04:30 PM to 07:10 PM MW
Section Information for Summer 2016
This course will look at representations of violence, protest, and questions of human rights in international film, paying particular attention to how space and time are contested, claimed, and imagined. Covering state and anti-state violence as well as non-violent resistance, we will consider the relationship between the cultural and political complexity of most conflicts on the one hand, and the narrative demands of commercial fiction film on the other. For example: What effect does the use of heroic and/or melodramatic frameworks have on a film’s portrayal of occupation, resistance, torture, terrorism, guerrilla warfare, and civil disobedience? What does it mean to consume narratives of trauma? How have filmmakers formulated alternative languages for telling traumatic stories? In studying such representations, we will address the role that space and violence play in constructions of gender, class, race, and sexuality, and how these constructions work in relation to discourses of security and crisis.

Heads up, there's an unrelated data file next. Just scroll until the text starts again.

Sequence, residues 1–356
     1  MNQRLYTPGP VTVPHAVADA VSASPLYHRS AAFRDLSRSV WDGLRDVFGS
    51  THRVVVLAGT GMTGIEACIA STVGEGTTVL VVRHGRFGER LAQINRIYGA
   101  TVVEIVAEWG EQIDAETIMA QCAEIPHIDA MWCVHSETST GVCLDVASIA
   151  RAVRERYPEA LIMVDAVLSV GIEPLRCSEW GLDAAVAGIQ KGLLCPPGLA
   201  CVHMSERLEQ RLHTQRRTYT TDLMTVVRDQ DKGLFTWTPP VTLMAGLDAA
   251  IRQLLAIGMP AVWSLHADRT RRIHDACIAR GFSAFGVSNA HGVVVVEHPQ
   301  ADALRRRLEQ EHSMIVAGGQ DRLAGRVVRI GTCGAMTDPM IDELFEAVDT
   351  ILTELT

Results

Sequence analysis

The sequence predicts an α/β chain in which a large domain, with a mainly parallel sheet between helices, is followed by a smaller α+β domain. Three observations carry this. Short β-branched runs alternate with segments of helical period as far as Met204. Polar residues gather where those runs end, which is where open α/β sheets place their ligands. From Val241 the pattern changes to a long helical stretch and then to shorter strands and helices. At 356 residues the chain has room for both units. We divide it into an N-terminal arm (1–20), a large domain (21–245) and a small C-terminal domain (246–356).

Satisfies the English BA requirement for the concentration in literature.
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